As a meteorologist, and accepting the IPCC premise that the poles are warming relatively more than the tropical regions, I would expect severe weather outbreaks to become less frequent, if anything. This is because a weaker temperature gradient would logically result in weaker upper air dynamics (upper air forcing). These upper air dynamics typically provide strong lift and are generally required for thunderstorms to rotate (aka, "supercells"). To blame all adverse weather phenomena on global warming is ludicrous in my opinion. LCM
StephenA Well said. The only reason I'm a chance & necessity skeptic and a global warming skeptic is that both are put forward as uncontestable, settled science and both are actually based on nothing but thin air. I'd say hot air but one of them doesn't even rise to that level. DaveScot
The other day there was a scientist on TV up in the great white North demonstrating the effects of heat reflection and absorbtion. To do this he had 2 2x2 sheets- one white and one black- he was in the Arctic approx 32 F- after a couple minutes he pointed the thermoter at each sheet- the white = 32 and the black = 92! Just after that they were showing glacial melting and the site they were looking at was not white- it was very dirty. What does this have to do with anything? Dave knows- he has been posting that it is the soot that accumulates on the white snow pack that is the bigger culprit. Next time you watch a show about glacial melting keep that in mind... Joseph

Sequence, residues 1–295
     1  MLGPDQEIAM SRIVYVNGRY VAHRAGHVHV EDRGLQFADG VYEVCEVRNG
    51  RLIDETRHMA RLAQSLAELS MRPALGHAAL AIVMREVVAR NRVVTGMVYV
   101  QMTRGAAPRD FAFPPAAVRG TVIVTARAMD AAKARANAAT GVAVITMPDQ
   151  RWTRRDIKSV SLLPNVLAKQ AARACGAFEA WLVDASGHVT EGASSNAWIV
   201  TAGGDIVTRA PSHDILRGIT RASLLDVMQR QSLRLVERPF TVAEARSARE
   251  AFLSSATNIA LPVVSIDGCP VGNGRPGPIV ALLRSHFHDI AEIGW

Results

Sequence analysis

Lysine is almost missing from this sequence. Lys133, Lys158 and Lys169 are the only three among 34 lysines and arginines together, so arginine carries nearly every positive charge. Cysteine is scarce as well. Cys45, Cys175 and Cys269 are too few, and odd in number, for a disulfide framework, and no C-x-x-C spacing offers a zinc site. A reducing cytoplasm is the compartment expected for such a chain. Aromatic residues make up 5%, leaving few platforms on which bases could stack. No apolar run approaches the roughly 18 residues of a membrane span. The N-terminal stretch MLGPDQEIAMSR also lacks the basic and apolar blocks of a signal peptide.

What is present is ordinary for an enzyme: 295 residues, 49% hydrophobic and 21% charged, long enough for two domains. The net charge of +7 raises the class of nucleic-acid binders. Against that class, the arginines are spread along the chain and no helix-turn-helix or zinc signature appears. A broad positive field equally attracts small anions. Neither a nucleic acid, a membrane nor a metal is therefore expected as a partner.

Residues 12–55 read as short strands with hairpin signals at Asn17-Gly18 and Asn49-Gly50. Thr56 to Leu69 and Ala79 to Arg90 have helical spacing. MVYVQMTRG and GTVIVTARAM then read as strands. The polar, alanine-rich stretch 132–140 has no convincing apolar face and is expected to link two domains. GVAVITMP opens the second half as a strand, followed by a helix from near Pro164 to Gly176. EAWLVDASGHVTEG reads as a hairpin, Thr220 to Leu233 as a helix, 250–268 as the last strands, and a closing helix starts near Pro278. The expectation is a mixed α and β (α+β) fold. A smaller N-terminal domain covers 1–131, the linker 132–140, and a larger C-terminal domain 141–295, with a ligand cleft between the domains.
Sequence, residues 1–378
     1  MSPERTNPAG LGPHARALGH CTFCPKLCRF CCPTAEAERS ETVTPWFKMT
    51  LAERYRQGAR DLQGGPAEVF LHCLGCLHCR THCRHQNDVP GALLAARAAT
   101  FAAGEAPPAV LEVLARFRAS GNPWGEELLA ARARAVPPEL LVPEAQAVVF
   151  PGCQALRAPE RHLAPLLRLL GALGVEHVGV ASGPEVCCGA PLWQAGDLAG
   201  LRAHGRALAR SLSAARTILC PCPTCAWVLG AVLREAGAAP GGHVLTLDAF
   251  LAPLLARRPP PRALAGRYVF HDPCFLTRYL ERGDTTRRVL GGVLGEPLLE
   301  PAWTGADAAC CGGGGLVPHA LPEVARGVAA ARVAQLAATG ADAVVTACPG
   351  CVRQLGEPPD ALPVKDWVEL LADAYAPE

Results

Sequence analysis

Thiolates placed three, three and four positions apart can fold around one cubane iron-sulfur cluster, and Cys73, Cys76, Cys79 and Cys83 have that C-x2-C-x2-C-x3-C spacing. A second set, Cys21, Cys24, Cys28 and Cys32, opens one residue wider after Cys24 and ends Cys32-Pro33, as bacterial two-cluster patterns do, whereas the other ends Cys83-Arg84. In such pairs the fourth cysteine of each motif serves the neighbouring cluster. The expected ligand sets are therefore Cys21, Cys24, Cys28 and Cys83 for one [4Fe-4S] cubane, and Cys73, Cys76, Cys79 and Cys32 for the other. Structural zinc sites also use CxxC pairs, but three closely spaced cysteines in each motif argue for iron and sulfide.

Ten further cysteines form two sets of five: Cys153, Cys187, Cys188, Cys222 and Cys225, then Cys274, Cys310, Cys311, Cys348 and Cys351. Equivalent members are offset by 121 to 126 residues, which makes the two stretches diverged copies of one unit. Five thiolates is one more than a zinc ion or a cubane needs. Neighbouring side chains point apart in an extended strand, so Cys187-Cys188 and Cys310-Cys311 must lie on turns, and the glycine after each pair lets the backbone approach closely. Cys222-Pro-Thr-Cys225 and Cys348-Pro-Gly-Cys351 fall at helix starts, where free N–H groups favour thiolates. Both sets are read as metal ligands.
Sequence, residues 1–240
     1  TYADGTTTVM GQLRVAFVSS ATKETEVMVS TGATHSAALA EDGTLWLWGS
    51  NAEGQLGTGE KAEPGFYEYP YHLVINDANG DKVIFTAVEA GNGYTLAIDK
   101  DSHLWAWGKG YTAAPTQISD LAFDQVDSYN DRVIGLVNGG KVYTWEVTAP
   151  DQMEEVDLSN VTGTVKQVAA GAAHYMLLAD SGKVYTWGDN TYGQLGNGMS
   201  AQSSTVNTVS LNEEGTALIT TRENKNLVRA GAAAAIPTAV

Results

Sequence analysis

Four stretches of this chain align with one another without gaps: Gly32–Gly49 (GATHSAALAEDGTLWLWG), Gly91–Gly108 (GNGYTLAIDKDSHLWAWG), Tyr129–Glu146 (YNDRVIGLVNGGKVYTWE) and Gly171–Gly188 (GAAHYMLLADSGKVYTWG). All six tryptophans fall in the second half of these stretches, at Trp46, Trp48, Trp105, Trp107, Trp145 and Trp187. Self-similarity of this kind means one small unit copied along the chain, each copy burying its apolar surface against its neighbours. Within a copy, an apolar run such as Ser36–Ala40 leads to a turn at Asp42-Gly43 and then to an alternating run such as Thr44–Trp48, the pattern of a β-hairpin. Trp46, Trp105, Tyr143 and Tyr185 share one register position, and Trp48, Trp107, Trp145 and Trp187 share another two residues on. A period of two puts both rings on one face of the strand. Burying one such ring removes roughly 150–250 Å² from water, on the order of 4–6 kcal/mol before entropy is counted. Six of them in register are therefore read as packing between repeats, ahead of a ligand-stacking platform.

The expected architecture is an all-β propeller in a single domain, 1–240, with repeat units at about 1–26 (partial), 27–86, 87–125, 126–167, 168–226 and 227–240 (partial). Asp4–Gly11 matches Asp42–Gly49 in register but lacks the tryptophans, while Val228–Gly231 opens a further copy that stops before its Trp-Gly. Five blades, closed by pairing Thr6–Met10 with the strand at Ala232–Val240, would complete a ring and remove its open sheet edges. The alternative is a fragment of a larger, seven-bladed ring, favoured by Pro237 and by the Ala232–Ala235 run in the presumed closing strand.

"I’ve noticed a correlation between ID support and denial of global warming. I can’t tell if its only a matter of ignoring evidence that contradicts one’s previously held beleifs or if it’s something deeper like the belief that the “designer” wouldn’t have designed a global system that we lowly humans couldn’t tinker with so easily." Or maybe we just have working bullshitometers. StephenA